New Life for Old Houses: A Guide to Restoration and Repair by George
Classic Country Estates of Lake Forest: Architecture and Landscape Design
1856-1940 by Kim Coventry, Daniel Meyer, Arthur H. Miller
(Norton) 290 illustrations, 16 pages of color.
at the luxurious homes of
Log Houses: Classics of the North
by Peter Christopher, Richard
(The Boston Mills Press)
Richard Skinulis, a
is a style book, an idea resource, a log-building primer, and a tribute to the
allure of log houses. These authentic log houses rise out of the landscape as if
they grew there, yet many grand old structures were abandoned in the first half
of the twentieth century. Small wonder why in this age of mass-produced suburban
dwellings, the log home stands for adventure, enduring craftsmanship, and rugged
Recent decades have witnessed a renewed interest in preserving and building new log houses. The restored and handcrafted northern log houses featured in this book are some of the most beautiful in the world.
The book also includes a how-to guide for historic and modern building techniques.
Log Houses details excellent examples of the five main construction methods:
Great Houses of London by David Pearce (Vendome) is an account of buildings and their designers; it is about their owners too. The great town house, more than any other major building type, expressed the tastes and aspirations of a single person, and usually one rich and powerful enough to have his own way. Such a client was not easy for the architect, especially prior to the formalization of the profession in the nineteenth century. When that did happen, and an architect such as George Basevi could be appointed for the overall design of large numbers of grand houses ‑ such as those comprising most of Belgrave Square ‑ the resulting residences lacked the individuality of the aristocrat's private palace, no matter how opulent the furnishings. Most of the powerful families who created major town houses were free‑holders, although there were exceptions, especially on the Grosvenors' Mayfair estate.
The architect was appointed by the noble client to produce a distinguished design and, at least as importantly, to carry out a complex and subtle floor‑planning exercise. In Georgian times the life of the aristocracy gradually became more formal, its activities compartmentalized ‑ receiving, sitting, eating, withdrawing, reading, music‑making, card playing, sleeping, dressing, bathing ‑these were all given separate spaces. Classes of people and types of occasion were graded. In later palaces the family customarily had a suite of rooms for living privately on the ground floor and another for living publicly, when the occasion demanded, on the first. Miracles of organization were achieved by Robert Adam, for example, even in narrow‑frontage houses. There were back stairs, passages and jib doors so that servants could appear unobtrusively ‑ like Jeeves, they were supposed to float silently in and out of rooms. For servants who were meant to be seen at times, such as footmen, there were places where they could stand out of the way, yet be ready to come forward when required. The nineteenth century saw households even more inflated and hierarchic, and entertaining grander and more formal. Fifty to 60 servants were present in large town houses. The family expected privacy, not only from them, but also from its younger members and from its guests. Such careful architectural planning was a world away from the medieval courtyard houses which, to a considerable extent, just grew' and in which a great deal of the life centred on the single great hall.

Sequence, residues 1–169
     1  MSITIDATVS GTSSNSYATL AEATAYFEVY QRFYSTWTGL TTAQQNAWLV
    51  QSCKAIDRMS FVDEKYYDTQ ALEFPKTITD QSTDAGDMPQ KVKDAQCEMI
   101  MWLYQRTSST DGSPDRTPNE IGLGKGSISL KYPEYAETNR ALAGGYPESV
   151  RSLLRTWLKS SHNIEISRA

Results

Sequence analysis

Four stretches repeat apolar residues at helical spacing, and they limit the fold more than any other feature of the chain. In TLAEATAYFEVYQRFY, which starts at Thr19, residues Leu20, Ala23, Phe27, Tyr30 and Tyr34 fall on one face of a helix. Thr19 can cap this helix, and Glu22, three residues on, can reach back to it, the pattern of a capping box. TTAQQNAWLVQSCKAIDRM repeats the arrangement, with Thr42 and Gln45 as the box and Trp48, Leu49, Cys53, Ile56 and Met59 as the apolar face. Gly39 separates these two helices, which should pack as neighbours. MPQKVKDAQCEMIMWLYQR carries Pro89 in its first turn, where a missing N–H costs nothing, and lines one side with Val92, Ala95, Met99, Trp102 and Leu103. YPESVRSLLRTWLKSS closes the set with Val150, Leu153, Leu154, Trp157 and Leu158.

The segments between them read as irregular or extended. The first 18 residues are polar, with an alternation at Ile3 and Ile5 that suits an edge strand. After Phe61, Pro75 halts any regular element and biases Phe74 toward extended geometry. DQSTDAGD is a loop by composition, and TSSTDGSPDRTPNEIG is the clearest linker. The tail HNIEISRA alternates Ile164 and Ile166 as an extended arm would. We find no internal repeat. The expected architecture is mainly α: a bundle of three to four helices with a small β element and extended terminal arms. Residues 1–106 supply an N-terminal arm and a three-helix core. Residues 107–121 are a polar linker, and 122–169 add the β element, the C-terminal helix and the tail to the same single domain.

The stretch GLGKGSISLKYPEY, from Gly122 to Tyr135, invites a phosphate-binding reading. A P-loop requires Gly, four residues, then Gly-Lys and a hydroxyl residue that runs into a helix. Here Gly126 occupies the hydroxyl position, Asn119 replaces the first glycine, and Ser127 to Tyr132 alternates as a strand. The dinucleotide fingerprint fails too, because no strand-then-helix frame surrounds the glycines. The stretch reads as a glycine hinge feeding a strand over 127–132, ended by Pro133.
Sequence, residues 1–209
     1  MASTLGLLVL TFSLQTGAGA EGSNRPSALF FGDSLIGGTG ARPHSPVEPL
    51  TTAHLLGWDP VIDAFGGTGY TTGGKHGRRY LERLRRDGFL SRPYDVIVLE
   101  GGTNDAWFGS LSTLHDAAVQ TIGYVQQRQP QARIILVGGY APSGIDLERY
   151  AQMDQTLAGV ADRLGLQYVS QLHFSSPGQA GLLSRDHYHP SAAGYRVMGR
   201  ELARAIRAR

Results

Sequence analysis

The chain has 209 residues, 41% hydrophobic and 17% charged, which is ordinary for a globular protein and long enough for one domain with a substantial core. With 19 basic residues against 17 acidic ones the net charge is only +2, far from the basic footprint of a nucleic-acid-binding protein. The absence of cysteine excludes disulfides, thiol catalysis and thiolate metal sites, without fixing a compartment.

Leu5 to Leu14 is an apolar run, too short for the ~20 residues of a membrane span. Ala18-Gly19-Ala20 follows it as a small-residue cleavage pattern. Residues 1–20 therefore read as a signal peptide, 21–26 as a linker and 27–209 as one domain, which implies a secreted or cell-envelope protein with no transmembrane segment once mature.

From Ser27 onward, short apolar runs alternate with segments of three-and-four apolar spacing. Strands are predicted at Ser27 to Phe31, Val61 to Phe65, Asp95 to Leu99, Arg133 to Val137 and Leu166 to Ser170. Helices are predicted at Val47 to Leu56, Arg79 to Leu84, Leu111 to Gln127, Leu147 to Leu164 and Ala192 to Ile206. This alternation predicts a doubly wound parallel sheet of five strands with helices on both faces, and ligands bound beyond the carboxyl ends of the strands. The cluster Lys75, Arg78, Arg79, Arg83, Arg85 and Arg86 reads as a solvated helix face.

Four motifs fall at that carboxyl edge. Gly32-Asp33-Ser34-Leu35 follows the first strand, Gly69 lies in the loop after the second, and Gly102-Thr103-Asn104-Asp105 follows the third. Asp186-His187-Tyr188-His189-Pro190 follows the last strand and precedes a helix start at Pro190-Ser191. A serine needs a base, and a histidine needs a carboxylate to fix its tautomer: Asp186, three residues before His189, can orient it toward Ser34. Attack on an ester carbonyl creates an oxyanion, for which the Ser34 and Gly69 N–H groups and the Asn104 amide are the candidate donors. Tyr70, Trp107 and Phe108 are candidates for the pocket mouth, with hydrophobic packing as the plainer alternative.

Those early mansions were sited in the City, Westminster and the Strand area between them, the centuries passed the fashionable locations spread north and west. In Round About Piccadilly and Pall Mall of 1870, Wheatley wrote of the quarter centred upon St James's Square: `It has been from its proximity to the court, frequented by the ruling powers in state and general society for about two centuries. In former times society, or the "world", consisted of a small circle of persons who were almost all known to one another, and lived within this district.' Before 1660 `St James's Fields' were just that. The thirteenth‑to‑nineteenth‑century migration by the rich and powerful is reflected in the structure of this book. Great Houses of London starts in the walled City of London, explores suburbs such as Holborn, Bloomsbury, Soho, Piccadilly, St James's, and Marylebone, and ends in Park Lane, from which aristocrats were driven by the noise of motorbuses, the demands of hoteliers and the effects of taxes.The east‑west progress broadly parallels the chronological one over six centuries. But there are diversions; apart from describing a number of important houses in a particular location and period, most chapters also present an exposition in aesthetic, architectural, political or town‑planning terms. There are some 40 major houses and perhaps a hundred lesser ones. Each chapter recounts the story of a few of these with an emphasis on the theme of the chapter concerned. The conjunction of houses and themes is contingent in that some private palaces could have been discussed under several headings. In the interests of readability, the history of a house, once embarked upon in detail, is carried forward to its conclusion.
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